The Militant (logo)  
   Vol. 69/No. 27           July 18, 2005  
Co-Op miners speak at Salt Lake City meeting
SALT LAKE CITY—“Our struggle to gain representation by the United Mine Workers of America has not ended. We continue in our goals of a safe mine, respect and dignity, health insurance and reasonable wages,” Co-Op miner Ana María Sánchez told an audience of more than 100 at an event called “Workers Rights Board Hearing: The Right to Organize.” It was held here June 30 at the city library auditorium.

The public meeting, organized by Utah Jobs with Justice, was attended by many in the Salt Lake area who have been winning support for the coal miners in their 22-month battle to organize the UMWA at the Co-Op mine in Huntington, Utah.

Sánchez, along with Lori Gray, a nurse at the Salt Lake Regional Medical Center, and Larry Tidwell, a telephone worker at Comcast, were invited to give testimony before the “workers rights board” panel on their respective struggles to organize a union. The five-person panel included Salt Lake City mayor Ross “Rocky” Anderson and State Senator Scott McCoy.

Sánchez told the audience that C.W. Mining, which owns the Co-Op mine, and the International Association of United Workers Union (IAUWU) have filed a defamation complaint against 16 miners, the UMWA, newspapers that have covered the struggle, and many others. She said, “They try to intimidate us with this lawsuit, but they have not succeeded. We persist and maintain a picket line in front of the mine. Production at the mine is much lower without us there.”

Following the workers’ presentations, the floor was opened for any company representatives to speak. From the audience, Co-Op mine manager Charles Reynolds walked up to the stage.

“Our company has bargained with unions for 30 years,” he claimed. “We are an equal opportunity employer—our goal is that our employees are treated well.” When Reynolds said Co-Op was one of the safest mines in Utah, he was booed.

Also in the audience was IAUWU president Chris Grundvig. The miners say the IAUWU has never represented them.

Workers at the Co-Op mine report that most of them have been paid wages of $5.25 to $7.00 an hour, far below the industry average of at least $17 an hour.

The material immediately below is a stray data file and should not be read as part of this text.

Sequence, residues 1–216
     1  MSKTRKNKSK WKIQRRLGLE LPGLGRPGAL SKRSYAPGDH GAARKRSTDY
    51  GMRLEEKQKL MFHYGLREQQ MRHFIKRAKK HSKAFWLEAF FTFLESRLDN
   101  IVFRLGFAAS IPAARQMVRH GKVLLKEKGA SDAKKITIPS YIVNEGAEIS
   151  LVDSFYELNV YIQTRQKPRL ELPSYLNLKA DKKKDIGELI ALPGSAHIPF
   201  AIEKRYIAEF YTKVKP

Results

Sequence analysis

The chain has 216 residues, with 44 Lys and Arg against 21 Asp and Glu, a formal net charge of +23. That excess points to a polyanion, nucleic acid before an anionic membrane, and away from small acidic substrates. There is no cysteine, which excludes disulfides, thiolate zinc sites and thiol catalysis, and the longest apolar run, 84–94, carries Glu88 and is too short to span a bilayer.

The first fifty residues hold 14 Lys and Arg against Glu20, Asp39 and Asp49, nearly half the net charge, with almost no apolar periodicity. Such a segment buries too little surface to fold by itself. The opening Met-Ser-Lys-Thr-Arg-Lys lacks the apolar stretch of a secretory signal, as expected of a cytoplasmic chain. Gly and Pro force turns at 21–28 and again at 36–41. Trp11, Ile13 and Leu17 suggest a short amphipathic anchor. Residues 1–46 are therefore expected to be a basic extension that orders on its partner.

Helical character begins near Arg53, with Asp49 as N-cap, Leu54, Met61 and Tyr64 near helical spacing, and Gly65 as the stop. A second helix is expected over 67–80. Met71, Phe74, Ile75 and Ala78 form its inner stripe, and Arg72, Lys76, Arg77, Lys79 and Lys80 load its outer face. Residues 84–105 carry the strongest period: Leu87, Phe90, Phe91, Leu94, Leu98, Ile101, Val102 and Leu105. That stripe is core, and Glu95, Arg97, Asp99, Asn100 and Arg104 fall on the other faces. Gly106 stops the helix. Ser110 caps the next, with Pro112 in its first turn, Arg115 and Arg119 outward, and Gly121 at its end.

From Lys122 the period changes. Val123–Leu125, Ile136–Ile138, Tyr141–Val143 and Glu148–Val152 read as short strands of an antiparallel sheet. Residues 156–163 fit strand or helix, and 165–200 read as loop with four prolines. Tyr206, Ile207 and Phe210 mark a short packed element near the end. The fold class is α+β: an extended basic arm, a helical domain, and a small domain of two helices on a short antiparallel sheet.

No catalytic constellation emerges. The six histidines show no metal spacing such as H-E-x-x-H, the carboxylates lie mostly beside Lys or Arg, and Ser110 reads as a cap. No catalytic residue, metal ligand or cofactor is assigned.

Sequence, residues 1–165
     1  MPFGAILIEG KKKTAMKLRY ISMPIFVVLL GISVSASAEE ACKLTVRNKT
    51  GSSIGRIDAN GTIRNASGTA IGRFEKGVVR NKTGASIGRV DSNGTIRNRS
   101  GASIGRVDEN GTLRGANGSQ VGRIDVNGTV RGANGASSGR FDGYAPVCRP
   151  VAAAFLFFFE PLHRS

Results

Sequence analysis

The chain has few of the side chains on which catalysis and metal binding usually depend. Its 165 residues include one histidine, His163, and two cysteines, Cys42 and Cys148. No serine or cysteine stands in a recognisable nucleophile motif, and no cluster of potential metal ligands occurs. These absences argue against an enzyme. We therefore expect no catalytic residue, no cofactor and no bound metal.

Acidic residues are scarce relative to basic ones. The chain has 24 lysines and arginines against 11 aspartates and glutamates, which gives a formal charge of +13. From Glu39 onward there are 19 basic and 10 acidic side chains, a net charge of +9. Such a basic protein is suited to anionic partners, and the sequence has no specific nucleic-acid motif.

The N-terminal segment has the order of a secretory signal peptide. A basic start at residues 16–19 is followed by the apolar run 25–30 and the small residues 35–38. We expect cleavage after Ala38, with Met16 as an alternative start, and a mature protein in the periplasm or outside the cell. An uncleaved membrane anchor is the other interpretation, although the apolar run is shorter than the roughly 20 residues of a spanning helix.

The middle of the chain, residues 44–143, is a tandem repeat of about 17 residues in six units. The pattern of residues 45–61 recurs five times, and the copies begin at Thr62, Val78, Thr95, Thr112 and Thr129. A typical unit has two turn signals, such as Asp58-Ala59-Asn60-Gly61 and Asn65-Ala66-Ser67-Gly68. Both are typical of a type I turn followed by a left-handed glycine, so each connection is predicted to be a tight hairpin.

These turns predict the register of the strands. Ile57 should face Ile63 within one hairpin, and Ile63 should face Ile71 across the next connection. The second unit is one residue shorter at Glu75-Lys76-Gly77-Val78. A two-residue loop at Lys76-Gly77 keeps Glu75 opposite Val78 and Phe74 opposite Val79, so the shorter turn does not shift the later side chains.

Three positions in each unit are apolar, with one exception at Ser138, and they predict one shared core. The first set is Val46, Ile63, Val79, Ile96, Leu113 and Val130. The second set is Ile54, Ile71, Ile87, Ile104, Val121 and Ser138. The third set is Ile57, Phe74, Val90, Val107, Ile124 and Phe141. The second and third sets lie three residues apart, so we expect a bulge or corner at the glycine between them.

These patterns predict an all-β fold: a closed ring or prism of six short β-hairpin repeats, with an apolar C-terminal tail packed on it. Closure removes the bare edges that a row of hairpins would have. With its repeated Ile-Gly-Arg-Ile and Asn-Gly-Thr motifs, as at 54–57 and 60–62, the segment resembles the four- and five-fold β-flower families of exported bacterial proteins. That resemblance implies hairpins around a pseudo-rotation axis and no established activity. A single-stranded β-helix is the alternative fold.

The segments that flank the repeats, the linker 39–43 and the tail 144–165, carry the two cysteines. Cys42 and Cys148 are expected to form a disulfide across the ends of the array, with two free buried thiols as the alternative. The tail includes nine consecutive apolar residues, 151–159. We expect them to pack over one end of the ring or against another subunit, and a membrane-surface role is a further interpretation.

Nearly two years ago the miners, in their majority Mexican-born workers, decided to fight to change the conditions at the Co-Op mine, owned by C.W. Mining Co. They began talking to the UMWA about getting a real union.

Many of the miners have been fired twice: first in September 2003, and the second time eight days before a union election on Dec. 17, 2004.

One of the panelists, Martín Díaz, asked Reynolds, “Would you be open to the UMWA?” Taking several minutes to respond and looking down at the Bible he was holding, Reynolds said, “I don’t know how much I could comment on that without looking into this. If the employees choose the UMWA we would bargain with it.”

Another question to Reynolds was: “Would you work for $5.25 an hour?” He said, “I guess if there was a better job I’d take it.” Asked why the miners wanted a union, he said, “In my opinion, I can’t elaborate on that.”

From the audience, Co-Op miner Bill Estrada took the floor. “It has been 22 months and we cannot depend on the NLRB and MSHA,” he said, referring to the National Labor Relations Board and the Mine Safety and Health Administration. “We miners have made a choice. We want to be represented by the UMWA and the NLRB refuses to count the votes. This is a serious issue. It affects not only us but all other coal miners in Utah.”

Estrada added, “We’re not going to go away. We’re still organizing picket lines.”
Related articles:
Pickets at Co-Op mine press fight for UMWA
Militant Fighting Fund gains endorsers at NOW conference  
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